Successful Releases for Manatees Siesta, Key, and Faye
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FROM Cora Berchem,
September 2020

Three more previously injured or sick Manatees are successfully released back into the wild.

Manatee and Calf
Siesta and her calf, Key, just after being released into Sarasota Bay. Photo by Ally Greco, Save the Manatee Club.

When Sarasota resident Walter Hepp, M.D. stepped out on his back porch in Harbor Acres near Selby Gardens, Florida, on the morning of May 10th, he spotted what looked like a large floating log. However, after a few minutes, Hepp realized this was not a log after all – it was a manatee, and something was wrong with it. On Mother’s Day, the injured adult female was rescued in a coordinated effort by staff from the Florida Fish and Wildlife Conservation Commission, Mote Marine Laboratory, and the Sarasota County Sheriff’s department. Upon arrival at SeaWorld Orlando, staff noticed after the initial health assessment that she was pregnant, and only three days later she gave birth to a healthy male calf!

Staff nicknamed the mother “Siesta” and her calf “Key,” due to the location where they had been rescued. Siesta, who turned out to be a known manatee from the Southwest Florida area since 2014, was suffering from air trapped in her lung cavity, a condition called a pneumothorax, due to a watercraft injury. The experienced staff placed her into a specially-designed wetsuit to keep her level in the water and to make it easier for her to breathe before performing a chest tap to remove the trapped air from her lung.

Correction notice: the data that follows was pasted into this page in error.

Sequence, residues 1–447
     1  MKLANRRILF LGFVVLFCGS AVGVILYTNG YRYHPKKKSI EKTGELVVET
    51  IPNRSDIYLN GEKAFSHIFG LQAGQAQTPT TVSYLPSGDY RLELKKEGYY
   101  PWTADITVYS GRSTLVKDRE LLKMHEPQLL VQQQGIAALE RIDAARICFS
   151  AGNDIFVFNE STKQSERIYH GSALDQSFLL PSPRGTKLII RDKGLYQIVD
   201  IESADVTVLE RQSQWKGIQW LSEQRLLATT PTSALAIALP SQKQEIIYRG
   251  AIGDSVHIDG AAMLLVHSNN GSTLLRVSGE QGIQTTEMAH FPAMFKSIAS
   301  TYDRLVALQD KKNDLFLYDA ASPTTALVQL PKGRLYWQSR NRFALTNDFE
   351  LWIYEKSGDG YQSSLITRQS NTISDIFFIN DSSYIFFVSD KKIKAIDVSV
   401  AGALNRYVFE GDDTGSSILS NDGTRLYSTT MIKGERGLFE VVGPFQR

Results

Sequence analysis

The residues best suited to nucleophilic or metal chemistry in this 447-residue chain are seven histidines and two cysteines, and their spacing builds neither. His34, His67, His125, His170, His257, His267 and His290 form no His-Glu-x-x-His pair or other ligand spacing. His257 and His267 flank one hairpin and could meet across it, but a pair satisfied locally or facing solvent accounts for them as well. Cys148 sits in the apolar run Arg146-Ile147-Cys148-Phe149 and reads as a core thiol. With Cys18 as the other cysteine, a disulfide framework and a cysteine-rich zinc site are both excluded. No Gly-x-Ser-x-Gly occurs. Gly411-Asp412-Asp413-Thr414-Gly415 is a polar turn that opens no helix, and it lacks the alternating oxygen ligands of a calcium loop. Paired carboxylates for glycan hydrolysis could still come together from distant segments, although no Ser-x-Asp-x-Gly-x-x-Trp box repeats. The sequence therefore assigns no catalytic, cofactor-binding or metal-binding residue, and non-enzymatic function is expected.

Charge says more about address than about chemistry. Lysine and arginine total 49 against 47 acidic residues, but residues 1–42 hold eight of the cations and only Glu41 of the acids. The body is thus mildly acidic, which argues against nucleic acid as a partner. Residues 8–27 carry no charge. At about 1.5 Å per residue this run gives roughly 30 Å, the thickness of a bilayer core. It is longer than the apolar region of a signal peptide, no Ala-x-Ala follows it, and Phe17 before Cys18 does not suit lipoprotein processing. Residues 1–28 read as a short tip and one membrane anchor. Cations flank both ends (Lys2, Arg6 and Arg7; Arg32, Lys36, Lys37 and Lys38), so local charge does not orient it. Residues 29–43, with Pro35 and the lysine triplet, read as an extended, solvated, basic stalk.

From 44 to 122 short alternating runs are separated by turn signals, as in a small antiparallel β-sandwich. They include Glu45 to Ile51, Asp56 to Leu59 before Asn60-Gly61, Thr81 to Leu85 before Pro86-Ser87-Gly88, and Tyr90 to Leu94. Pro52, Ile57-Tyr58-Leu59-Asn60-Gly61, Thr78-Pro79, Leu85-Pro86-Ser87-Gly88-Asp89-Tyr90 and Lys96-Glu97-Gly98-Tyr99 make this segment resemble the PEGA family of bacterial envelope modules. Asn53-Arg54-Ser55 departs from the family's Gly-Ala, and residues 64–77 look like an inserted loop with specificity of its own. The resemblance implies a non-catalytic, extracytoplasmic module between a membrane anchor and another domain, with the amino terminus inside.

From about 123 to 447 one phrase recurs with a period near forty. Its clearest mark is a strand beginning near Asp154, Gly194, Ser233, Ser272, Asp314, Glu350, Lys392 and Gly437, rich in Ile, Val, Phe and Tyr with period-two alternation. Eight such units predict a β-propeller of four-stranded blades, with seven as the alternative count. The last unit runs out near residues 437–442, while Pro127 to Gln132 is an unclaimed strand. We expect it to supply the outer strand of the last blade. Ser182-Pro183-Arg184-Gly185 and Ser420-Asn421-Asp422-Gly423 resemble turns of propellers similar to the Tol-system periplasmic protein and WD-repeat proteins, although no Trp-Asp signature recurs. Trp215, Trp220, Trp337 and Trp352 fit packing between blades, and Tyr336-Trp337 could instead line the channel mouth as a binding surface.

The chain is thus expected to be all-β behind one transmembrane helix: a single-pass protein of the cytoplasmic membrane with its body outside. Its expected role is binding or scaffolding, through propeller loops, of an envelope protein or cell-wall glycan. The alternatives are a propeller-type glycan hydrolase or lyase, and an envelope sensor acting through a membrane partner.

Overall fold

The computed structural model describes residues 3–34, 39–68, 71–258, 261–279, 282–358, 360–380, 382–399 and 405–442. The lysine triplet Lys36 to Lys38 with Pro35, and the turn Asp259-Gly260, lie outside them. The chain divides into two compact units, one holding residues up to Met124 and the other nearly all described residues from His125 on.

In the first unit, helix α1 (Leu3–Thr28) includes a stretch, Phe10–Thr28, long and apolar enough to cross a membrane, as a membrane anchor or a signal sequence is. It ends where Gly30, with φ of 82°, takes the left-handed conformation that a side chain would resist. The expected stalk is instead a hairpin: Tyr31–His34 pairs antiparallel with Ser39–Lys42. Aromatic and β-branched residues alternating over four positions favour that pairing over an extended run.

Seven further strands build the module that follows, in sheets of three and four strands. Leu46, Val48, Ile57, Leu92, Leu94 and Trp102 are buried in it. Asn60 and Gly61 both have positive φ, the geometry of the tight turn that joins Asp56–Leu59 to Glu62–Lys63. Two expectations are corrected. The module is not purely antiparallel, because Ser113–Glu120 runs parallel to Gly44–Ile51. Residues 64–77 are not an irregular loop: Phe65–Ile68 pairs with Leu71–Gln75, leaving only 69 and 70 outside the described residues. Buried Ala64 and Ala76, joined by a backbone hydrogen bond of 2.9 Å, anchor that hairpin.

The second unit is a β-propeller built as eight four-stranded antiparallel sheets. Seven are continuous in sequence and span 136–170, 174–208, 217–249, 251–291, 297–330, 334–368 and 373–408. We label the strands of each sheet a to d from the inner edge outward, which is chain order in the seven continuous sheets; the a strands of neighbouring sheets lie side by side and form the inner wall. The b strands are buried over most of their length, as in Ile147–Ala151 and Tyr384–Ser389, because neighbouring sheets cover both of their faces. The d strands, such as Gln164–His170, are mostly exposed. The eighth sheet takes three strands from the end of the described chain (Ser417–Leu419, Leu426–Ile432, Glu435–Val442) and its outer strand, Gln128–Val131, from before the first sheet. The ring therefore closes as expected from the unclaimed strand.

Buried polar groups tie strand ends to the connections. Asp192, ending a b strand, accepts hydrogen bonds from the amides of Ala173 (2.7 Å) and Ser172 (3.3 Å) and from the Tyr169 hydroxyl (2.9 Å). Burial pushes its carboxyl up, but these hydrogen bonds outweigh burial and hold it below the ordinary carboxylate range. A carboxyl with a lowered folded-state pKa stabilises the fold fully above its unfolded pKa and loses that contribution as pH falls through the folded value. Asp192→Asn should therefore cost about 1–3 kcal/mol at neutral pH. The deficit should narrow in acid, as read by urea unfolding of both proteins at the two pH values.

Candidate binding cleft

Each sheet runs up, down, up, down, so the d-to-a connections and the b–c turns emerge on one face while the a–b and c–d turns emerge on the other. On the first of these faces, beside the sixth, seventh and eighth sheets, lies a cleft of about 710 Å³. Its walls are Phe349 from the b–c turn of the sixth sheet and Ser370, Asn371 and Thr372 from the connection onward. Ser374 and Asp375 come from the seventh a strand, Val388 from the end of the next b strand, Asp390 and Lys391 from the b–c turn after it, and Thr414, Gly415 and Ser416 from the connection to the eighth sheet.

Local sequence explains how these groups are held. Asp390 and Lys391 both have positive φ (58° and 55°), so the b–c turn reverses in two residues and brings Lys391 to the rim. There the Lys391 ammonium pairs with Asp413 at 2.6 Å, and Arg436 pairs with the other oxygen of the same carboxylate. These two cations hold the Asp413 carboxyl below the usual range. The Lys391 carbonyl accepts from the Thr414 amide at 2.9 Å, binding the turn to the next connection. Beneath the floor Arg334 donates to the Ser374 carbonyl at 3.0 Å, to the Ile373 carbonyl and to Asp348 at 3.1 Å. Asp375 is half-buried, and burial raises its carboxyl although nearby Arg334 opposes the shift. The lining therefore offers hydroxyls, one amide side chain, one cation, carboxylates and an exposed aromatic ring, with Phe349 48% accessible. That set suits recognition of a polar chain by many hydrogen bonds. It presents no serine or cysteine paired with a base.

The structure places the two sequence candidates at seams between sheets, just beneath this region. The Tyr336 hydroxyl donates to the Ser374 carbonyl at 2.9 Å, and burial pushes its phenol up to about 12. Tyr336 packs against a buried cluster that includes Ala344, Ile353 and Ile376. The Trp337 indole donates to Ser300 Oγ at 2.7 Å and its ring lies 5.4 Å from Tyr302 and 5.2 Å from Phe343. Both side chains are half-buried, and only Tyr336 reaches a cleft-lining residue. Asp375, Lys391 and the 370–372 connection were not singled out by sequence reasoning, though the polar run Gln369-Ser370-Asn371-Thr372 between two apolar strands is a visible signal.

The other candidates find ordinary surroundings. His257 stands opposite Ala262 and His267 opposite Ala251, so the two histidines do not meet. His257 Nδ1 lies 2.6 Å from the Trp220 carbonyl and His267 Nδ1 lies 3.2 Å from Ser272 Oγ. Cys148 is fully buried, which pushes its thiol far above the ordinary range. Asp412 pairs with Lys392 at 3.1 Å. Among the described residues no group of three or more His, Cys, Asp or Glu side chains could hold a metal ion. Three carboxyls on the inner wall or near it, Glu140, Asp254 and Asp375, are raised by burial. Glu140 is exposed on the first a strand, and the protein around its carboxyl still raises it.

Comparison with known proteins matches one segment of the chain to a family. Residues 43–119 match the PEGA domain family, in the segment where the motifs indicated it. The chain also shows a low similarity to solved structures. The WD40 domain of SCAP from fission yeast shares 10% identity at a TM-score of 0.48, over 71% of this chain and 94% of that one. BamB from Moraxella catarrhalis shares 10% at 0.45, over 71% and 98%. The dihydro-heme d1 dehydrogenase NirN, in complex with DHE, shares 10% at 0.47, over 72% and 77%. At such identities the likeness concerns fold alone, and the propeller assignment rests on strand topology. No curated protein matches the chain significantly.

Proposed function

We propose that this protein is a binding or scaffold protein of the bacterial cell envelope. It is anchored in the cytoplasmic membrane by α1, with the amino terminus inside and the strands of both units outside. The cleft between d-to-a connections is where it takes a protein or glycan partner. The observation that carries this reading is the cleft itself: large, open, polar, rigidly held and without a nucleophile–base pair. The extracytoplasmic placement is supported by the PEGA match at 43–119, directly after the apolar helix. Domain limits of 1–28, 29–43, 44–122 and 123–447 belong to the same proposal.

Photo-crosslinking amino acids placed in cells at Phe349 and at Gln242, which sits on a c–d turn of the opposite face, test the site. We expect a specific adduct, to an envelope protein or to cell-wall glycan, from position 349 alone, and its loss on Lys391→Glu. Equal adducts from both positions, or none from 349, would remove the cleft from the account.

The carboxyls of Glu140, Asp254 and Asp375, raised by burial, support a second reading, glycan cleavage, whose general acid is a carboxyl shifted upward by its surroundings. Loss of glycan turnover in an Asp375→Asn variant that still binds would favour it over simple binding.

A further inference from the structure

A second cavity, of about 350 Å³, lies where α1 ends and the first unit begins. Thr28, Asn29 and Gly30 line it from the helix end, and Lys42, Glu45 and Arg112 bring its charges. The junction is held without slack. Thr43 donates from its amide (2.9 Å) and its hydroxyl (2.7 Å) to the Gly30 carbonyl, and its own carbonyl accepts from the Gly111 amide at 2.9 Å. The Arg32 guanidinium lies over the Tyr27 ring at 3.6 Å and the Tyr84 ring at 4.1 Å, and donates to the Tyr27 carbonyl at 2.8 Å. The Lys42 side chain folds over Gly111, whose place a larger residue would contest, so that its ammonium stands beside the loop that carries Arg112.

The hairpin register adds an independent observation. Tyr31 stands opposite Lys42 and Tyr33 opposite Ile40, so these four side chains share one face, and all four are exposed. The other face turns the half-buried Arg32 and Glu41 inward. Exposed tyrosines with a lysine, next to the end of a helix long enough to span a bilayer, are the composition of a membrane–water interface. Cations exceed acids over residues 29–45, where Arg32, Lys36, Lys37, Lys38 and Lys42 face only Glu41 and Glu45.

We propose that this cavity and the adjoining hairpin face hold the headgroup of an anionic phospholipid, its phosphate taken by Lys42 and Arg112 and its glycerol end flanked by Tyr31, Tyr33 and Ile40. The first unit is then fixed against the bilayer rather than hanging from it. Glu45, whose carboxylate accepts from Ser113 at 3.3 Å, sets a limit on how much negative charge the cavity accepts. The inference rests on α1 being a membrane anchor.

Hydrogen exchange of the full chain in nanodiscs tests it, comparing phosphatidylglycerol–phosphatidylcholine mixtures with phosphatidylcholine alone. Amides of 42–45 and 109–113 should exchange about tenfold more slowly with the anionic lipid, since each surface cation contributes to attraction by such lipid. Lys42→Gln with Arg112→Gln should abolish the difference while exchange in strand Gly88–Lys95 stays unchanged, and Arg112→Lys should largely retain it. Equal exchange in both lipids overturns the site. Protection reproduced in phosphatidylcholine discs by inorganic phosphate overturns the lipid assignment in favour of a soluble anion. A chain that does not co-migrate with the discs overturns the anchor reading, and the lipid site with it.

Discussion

Manatee and Calf

Luckily, Siesta made a speedy recovery, so she and her calf were released back out into the wild on June 18th. In the wild, manatee calves depend on their mothers for the first one to two years of their life to learn necessary survival skills such as finding warm water, fresh water, and food sources; so the best place for a young manatee calf like Key to be is out in the wild with his mother.

Manatee Faye, a known Blue Spring manatee since 2015, was also rescued for watercraft injuries in early May of this year near Hontoon Island in the St. John’s River. Upon arrival at SeaWorld Orlando, she was also confirmed pregnant! Faye made a speedy recovery and was released back into the wild at Blue Spring on July 15th, so she will hopefully be able to give birth to her calf in the wild. We will certainly look out for her this upcoming manatee season!

In addition to the successful releases of Siesta, Key, and Faye, manatees Una, her now grown calf, and Lesley are still at SeaWorld recuperating from their injuries until they are cleared for release as well.

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